January 9, 2009
Let Them Eat Awards Shows
By BROOKS BARNES
AS Hollywood heads into the heart of its awards season, America’s annual orgy of pop-culture glamour, movie stars and their handlers have a decision to make: to preen or not to preen.
Do strutting red carpets and collecting gold statuettes at a time of economic crisis fall into the category of the show must go on? Or will the designer gowns and Champagne toasts come off as the ultimate let-them-eat-cake gestures?
They have decided, for the most part, that a strong dose of Hollywood razzle-dazzle is just the balm the country needs in these dark times. While some stars may sport fewer eye-popping baubles, those putting on the awards spectaculars, beginning with the Golden Globes on Sunday and culminating with the Oscars next month, intend to crank up the opulence.
The Globes, in particular, are pouring on the glitter, whether it fits the cultural mood or not, said Barry Adelman, executive vice president for television for Dick Clark Productions, which is producing the telecast for NBC. The producers are driven in part by last year’s dreadful experience, in which the gala was replaced by a drab news conference because of a writer’s strike. NBC lost viewers and millions of dollars.
“We’re back, we’re bigger, we’re better than ever — that’s the message,” Mr. Adelman said.
The production will feature more elaborate sets (cascading stairs leading up to the podium). The statuette also received an overhaul (more detailing of the continents of the globe). And the dinner will be more extravagant, with 250 waiters serving Moët et Chandon White Star Champagne by the flute load and a menu that includes “aromatic Asian spice marinated sea bass with sherry yuzu pepper sauce.” Among the presenters will be Martin Scorsese, Cameron Diaz, Chris Rock and Salma Hayek. The Oscars too are hoping to raise the glamour and star quotient in hopes of recapturing viewers who have drifted away in recent years, although plans are still in the early stages.
This is treacherous ground.
“You don’t want to come across like Marie Antoinette, and there’s definitely that risk right now if a celebrity shows up dripping in diamonds to be honored for a $15 million role,” said Jessica Morgan, a founder of a popular fashion blog and an author of “The Fug Awards,” a book that skewers star attire.
“At the same time the rest of us could use a little pick-me-up,” she continued, “so put on a feathered headdress already and entertain us.”
Sunday’s Golden Globe broadcast will begin a month’s worth of ceremonies that include the Screen Actors Guild Awards and more than a dozen others culminating in the 81st annual Academy Awards on Feb. 22. Preparations for these ceremonies show few signs of restraint, even as other high-profile events are trying to pull back: notably, the inauguration of President-elect Barack Obama, whose planners have promised to acknowledge the severity of the economic crisis amid the celebrations.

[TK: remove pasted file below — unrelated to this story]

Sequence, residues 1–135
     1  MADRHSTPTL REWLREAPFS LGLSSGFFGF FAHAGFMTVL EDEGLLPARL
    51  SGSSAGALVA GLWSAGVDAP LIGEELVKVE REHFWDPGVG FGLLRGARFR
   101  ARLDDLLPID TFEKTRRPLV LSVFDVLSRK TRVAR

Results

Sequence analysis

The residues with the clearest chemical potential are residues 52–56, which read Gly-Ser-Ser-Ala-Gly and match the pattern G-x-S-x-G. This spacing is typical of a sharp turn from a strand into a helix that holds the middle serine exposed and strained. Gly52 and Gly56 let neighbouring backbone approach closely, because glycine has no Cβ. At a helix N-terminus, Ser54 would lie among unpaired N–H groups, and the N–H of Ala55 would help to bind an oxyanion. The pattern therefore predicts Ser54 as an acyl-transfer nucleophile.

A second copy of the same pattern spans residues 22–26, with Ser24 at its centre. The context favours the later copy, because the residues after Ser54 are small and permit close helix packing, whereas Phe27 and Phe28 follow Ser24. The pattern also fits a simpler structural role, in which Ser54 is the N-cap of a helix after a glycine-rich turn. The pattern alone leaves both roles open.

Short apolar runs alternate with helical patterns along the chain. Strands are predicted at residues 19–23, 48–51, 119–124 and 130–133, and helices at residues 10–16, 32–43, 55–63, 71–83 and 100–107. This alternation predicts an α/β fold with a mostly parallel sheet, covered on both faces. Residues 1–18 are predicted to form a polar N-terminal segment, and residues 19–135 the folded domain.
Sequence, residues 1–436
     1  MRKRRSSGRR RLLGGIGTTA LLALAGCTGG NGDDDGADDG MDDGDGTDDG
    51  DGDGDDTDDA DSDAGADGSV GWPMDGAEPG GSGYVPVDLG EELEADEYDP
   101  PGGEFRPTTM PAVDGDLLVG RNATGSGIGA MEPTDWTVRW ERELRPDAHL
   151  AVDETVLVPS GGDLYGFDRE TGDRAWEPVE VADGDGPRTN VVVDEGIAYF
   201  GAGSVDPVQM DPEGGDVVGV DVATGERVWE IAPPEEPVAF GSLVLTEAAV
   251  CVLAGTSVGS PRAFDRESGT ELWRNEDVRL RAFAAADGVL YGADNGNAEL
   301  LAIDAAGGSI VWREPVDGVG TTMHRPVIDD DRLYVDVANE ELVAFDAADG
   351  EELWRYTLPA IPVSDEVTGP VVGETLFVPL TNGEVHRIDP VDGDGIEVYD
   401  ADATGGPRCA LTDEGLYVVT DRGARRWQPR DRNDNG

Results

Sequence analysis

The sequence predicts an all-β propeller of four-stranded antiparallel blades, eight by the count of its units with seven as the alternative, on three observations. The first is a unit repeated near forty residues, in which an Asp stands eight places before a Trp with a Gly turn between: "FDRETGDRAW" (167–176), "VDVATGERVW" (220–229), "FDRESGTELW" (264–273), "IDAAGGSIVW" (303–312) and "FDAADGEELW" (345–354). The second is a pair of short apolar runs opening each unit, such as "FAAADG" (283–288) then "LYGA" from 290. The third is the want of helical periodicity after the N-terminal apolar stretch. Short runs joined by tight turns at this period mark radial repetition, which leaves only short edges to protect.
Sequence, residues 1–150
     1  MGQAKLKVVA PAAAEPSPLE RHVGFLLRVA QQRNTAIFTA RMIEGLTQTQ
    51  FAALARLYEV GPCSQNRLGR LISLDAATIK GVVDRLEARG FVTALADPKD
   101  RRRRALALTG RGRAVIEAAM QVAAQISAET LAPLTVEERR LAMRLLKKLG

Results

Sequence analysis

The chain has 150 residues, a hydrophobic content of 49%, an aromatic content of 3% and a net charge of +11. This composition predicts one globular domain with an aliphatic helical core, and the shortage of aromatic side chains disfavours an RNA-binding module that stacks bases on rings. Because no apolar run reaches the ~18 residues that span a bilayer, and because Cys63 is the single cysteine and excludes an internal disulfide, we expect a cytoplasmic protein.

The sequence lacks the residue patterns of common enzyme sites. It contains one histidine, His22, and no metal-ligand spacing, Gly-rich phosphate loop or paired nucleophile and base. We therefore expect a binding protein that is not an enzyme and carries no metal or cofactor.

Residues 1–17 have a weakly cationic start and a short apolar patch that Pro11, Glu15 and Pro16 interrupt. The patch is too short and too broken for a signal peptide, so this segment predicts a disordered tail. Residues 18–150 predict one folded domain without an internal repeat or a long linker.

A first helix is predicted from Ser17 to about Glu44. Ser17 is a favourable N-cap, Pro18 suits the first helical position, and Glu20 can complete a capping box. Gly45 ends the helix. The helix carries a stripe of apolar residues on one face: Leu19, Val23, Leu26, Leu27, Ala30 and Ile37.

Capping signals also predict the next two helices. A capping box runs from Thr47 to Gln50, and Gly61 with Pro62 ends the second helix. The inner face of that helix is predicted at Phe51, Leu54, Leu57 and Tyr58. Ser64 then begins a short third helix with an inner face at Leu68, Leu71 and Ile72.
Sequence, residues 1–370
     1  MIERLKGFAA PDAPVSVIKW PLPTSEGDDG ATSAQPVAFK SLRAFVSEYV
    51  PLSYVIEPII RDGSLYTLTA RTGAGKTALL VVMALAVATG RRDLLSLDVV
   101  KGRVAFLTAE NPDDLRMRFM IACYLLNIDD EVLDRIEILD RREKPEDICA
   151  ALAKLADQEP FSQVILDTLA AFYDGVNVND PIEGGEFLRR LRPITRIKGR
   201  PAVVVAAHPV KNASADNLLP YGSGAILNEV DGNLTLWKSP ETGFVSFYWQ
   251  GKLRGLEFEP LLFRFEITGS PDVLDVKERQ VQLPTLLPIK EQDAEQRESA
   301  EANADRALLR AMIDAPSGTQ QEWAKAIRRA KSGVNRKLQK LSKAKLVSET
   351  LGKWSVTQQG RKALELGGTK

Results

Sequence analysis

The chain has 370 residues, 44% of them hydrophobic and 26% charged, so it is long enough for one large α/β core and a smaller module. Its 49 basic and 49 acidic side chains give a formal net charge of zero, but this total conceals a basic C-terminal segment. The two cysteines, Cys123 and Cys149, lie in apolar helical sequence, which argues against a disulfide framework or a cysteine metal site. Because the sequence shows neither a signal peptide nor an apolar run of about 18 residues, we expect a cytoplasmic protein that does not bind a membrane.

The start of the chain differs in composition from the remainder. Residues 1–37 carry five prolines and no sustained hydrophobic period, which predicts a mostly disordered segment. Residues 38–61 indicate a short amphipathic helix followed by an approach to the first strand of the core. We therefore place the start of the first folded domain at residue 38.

“Having a somber celebrity show doesn’t really help anyone,” said Amanda Lundberg, a partner at the public relations firm 42West, which is coordinating multiple Oscar campaigns. “Entertainers should do their jobs and do them well.”
Stylists have gotten the message. Leslie Fremar, who has dressed the Oscar-winning actresses Charlize Theron and Jennifer Connelly, said she did not foresee red carpets turning somber because of the recession.
“Nobody has asked me to be overly sensitive,” Ms. Fremar said of her current clients, whom she declined to name. “You might see some people keeping the jewelry and hair simple.”
The coming self-congratulation-a-thon could certainly go off without a hitch, even in all its opulent glory, but the odds are not in Hollywood’s favor. The movie business has a long if not proud history of tone-deaf behavior.
There was Miramax’s decision shortly after the Columbine school shootings to release a movie about taking a teacher hostage (“Teaching Mrs. Tingle”). Walking a red carpet, Sharon Stone ignited an international brouhaha last year when she told reporters that the earthquake in China, which left 88,000 dead or missing, was perhaps karmic payback for the country’s handling of Tibet.
Even the Academy of Motion Picture Arts and Sciences has made the occasional flub. Two years ago at its ceremony the academy boasted about how environmentally friendly its awards had become, as a fleet of several hundred stretch limos idled outside the theater.
Many are using the sour state of the economy as an argument in favor of excess. Cutting back on the pomp, they say, would hurt the little people: the hundreds of florists, caterers, make-up artists and tanning salons that feed off the awards circuit, not to mention the millions at home, struggling to make ends meet, for whom a judicious dose of celebrity may be just the necessary palliative.
So the Hollywood Foreign Press Association, which bestows the Golden Globes, is determined to keep the honors on track, tipsy acceptance speeches and all. The swag is back too, with six “gifting suites” for presenters and nominees operating in conjunction with the awards.
“We are focused on bringing viewers what they want, which is a moment of respite,” said Orly Adelson, president of Dick Clark Productions. “Especially in times like these, people need entertainment.” (One area in which handlers are not so laissez faire: Winners are being encouraged not to fuss over Mr. Obama in their speeches out of fear that everyone who clambers onstage will have a comment.)
As for the Hollywood Foreign Press Association, its president, Jorge Camara, said: “We really haven’t worried too much about it. We feel we should go full-steam ahead and not deny the actors and others the chance for full recognition.”